LEWISTON, Maine (AP) — More than 1,000 people packed a cavernous church Sunday night, and hundreds more spilled outside, to hug, sing, weep and seek comfort in the wake of Maine’s most deadly mass shooting.
The crowd gathered for the vigil at the Basilica of Saints Peter and Paul in Lewiston, where days earlier a gunman fatally shot 18 people.
Some people put their heads in their hands and wept when the names were read aloud. At one point, members of the crowd raised their hands to say “I love you” in American Sign Language in honor of the four members of Maine’s deaf community killed in the shooting.
“We will not be defined by the tragedies that happened,” said the Rev. Todd Little from the First United Pentecostal Church. “Fear, anxiety and trepidation will not dictate our present or our future.”
The vigil came two days after the body of suspected gunman Robert Card was found. The 40-year-old’s body was discovered in a trailer at a recycling center in Lisbon Falls. Card died of an apparent self-inflicted gunshot wound though it was unclear when, authorities said. Card was also suspected of injuring 13 people in the shooting rampage Wednesday night in Lewiston.
Christian leaders, a rabbi and an imam spoke of the pain from the shooting but how the city of about 37,000 can become stronger. Little told the crowd that their community is bigger than the tragedy and will emerge not just “Lewiston Strong” but “Lewiston Stronger.’
Kevin Bohlin, a leader in Maine’s deaf community, addressed the crowd through American Sign Language as an interpreter delivered his message. Several in attendance could be seen signing to one another throughout the vigil.
The victims are now gone, Bohlin said, “but they are directing us to come together and make a difference in this world.”
Another pastor encouraged Mainers to compassion borne of the tragedy, and to avoid unhealthy debate of the details surrounding the crime that are sure to emerge in coming days.
“Let’s stay focused on the things that invite peace into our communities,” the Rev. Allen Austin said. “Let’s not let this moment be defined by divisiveness.”
Earlier Sunday, several church services were shaped by the shooting and subsequent lockdown that lasted days. At the morning mass for the basilica, several women wore black veils to mark what a church official called “the horrible events in our small town.”
At Lisbon Falls Baptist Church, worshipers greeted each other warmly but the atmosphere turned somber when the Rev. Brian Ganong brought up the tragedy. He prayed for those fighting for their lives, those who lost family and friends, first responders and medical workers, and others — including the Card family, who he said had ties to some members of the church.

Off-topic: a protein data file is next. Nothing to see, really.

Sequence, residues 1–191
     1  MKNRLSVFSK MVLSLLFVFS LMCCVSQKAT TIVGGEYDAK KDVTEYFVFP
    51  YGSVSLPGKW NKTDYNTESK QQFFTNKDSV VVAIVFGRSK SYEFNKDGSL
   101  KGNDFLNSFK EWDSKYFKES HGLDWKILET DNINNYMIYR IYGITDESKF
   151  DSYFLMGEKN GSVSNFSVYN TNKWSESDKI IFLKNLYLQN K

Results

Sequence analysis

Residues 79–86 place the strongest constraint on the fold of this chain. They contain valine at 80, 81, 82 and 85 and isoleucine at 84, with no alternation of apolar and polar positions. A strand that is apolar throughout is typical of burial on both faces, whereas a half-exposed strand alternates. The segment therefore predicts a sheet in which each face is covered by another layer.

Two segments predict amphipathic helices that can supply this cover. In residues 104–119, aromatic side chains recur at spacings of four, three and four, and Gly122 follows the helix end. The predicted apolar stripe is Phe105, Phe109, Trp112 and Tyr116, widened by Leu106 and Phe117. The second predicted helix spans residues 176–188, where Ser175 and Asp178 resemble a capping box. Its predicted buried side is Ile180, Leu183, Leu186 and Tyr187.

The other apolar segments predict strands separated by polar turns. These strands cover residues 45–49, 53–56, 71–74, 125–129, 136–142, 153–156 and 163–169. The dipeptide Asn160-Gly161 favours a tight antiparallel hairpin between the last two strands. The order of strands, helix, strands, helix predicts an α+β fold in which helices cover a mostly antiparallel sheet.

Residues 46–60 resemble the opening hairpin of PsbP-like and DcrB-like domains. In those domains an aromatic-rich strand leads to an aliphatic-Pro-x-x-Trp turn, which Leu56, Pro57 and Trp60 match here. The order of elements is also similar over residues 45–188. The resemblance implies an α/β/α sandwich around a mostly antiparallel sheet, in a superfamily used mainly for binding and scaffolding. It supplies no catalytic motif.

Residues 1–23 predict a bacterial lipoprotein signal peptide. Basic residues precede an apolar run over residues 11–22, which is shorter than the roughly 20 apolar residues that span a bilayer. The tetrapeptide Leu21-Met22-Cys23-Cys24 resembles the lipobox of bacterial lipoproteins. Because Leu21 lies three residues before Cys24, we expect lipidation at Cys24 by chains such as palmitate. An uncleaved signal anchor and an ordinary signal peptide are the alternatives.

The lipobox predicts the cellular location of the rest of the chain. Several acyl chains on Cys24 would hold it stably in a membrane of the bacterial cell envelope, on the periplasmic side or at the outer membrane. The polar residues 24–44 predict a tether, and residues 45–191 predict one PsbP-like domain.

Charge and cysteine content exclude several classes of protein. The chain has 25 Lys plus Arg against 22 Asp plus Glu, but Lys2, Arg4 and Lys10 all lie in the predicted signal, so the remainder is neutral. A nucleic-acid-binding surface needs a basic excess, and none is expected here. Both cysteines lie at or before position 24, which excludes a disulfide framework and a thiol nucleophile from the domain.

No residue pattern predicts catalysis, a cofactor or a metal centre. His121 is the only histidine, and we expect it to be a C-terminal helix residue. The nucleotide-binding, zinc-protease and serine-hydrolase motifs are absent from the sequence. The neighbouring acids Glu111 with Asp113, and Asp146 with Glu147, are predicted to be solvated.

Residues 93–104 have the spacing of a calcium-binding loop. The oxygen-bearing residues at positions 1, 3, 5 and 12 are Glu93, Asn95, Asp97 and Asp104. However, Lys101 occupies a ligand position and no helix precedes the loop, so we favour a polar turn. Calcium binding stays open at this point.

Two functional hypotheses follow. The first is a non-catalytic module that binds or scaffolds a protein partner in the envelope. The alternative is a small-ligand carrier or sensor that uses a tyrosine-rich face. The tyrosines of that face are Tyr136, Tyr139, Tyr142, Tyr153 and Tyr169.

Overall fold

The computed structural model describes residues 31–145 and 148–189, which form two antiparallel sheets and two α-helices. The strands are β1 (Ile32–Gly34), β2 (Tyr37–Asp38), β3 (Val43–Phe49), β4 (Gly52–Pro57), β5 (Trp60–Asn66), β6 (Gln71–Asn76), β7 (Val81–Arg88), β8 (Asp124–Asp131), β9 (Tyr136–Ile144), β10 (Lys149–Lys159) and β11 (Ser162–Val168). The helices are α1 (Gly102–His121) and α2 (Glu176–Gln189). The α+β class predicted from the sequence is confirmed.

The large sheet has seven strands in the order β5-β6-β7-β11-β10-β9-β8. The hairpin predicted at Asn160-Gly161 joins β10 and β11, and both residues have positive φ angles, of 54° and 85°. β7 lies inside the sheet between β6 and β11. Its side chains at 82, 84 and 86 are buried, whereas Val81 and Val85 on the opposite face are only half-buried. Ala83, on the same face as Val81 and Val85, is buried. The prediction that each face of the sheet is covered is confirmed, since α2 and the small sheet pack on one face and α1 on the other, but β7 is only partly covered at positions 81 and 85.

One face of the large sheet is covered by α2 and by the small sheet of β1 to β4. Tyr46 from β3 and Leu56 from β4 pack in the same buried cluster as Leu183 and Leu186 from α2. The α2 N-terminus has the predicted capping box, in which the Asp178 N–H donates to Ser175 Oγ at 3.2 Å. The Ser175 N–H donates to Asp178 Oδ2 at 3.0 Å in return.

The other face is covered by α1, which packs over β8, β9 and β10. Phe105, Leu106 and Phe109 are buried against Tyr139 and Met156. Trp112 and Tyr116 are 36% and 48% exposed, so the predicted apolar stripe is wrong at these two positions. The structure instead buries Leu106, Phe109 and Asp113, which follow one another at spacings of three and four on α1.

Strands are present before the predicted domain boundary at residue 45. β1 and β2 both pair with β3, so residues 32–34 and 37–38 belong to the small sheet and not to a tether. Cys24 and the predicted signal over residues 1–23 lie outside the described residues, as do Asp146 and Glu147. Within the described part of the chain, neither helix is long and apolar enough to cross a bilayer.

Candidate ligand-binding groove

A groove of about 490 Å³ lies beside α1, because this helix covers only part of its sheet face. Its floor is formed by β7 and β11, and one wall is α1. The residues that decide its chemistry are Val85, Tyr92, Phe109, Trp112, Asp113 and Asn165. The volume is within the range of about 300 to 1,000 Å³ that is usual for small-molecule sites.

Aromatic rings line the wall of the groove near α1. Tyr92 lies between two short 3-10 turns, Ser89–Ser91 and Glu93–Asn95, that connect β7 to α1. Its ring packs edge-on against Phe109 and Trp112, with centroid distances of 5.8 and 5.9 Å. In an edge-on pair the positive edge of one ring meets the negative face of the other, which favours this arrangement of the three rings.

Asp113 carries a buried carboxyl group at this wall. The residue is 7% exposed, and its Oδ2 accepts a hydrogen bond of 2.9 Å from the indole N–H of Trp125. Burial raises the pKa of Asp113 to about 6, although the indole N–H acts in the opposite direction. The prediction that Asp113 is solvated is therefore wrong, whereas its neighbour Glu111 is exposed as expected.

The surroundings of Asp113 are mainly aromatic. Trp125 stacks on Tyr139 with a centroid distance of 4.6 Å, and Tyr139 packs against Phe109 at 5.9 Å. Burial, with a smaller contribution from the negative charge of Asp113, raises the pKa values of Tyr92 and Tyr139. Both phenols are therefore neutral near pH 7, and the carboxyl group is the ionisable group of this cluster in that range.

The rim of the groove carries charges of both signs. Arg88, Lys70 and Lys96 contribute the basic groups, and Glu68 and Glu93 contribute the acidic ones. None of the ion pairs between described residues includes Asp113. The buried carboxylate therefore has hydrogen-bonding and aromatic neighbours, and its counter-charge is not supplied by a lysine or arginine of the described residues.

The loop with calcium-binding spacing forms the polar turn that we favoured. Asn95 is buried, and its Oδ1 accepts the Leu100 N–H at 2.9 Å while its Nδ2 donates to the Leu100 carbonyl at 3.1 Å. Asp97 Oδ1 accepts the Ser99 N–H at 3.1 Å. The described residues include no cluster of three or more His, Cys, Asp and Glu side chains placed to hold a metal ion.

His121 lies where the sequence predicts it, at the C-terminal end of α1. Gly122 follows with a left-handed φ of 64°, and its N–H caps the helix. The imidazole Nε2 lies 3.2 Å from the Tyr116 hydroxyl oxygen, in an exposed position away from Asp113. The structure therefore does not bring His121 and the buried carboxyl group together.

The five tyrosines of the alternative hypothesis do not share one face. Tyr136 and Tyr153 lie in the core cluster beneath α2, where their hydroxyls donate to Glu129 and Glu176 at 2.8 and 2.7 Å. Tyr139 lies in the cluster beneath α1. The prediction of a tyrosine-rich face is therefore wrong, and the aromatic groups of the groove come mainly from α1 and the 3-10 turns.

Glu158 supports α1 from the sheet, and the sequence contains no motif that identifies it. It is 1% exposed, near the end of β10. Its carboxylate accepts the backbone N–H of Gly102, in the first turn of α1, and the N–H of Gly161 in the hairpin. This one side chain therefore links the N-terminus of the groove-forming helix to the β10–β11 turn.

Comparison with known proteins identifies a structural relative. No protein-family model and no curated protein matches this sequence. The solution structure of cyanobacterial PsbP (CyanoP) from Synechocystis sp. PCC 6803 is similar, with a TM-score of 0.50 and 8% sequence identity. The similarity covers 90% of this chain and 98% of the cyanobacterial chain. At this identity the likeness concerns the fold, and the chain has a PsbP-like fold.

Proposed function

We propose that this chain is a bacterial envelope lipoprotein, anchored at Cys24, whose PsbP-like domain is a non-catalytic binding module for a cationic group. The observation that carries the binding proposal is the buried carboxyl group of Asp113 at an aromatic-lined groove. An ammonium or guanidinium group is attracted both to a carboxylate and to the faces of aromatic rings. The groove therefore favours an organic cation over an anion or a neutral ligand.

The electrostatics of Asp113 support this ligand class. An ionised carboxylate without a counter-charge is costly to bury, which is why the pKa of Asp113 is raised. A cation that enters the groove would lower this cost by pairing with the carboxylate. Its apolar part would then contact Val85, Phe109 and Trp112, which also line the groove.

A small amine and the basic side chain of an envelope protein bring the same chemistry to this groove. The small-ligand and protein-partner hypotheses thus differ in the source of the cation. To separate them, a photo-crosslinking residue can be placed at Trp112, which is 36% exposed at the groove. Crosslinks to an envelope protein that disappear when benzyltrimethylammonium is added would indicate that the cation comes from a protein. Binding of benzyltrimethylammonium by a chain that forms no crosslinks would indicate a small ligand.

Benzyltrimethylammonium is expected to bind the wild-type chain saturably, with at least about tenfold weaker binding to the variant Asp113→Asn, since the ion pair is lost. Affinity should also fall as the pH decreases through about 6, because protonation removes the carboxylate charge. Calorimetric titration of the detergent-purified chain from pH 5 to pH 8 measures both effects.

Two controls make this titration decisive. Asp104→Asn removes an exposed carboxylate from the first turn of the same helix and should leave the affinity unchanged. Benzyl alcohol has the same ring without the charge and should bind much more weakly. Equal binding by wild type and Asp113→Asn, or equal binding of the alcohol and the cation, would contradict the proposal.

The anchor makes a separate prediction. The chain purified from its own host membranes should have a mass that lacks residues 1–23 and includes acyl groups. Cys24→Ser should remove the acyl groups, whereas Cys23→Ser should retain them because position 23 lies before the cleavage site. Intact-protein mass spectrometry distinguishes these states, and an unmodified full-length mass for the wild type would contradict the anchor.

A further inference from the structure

Authorities recovered many guns while searching for Card and believe he had legally purchased them, including those recovered in his car and near his body, said Jim Ferguson, the special agent in charge of the Boston office of the Bureau of Alcohol, Tobacco, Firearms and Explosives. He declined to discuss any specifics.
Investigators are still searching for a motive for the massacre, but have increasingly focused on Card’s mental health history. State Department of Public Safety Commissioner Michael Sauschuck may have been driven by paranoia.
Card’s family told federal investigators that he had recently discussed hearing voices and became more focused on the bowling alley and bar, according to law enforcement officials who spoke with The Associated Press on condition of anonymity in order to discuss details of the investigation.
On Friday, authorities lifted a stay-at-home order put in place during the search for Card, hours before they announced they had found his body. By Saturday, the community was reaching for normalcy. Residents went hunting on the opening day of firearm season for deer, and one family handed out buckets of flowers downtown.
But signs of the killings endured. On Sunday at Schemengees Bar & Grille, one of the shooting sites, workers in white hazmat suits could be seen methodically cleaning up a staircase cordoned off by yellow tape. Nearby, colorful balloons and flowers nestled around a poster that read: “Be Strong Lewiston.
Leroy Walker, an Auburn city councilor and father of one of the victims, greeted people at a early Halloween event on Sunday. He smiled broadly when trick-or-treaters hugged him but teared up when he spoke of his son, Joseph, who normally would’ve joined him.
“It’s been a tough few days, trust me,” he said. “The heart doesn’t stop bleeding,”
The deadliest shootings in Maine’s history stunned a state of 1.3 million people that has relatively little violent crime and only 29 killings in all of 2022.
Three of the injured remained in critical condition at Central Maine Medical Center, and a fourth was stable, hospital officials said. Another was transported to Massachusetts General Hospital, and the rest were discharged.
The Lewiston shootings were the 36th mass killing in the U.S. this year, according to a database maintained by AP and USA Today in partnership with Northeastern University. The database includes every mass killing since 2006 from all weapons in which four or more people, excluding the offender, were killed within a 24-hour time frame.
Associated Press journalists David R. Martin and Matt Rourke in Lewiston, Maine and Michael Casey in Boston contributed.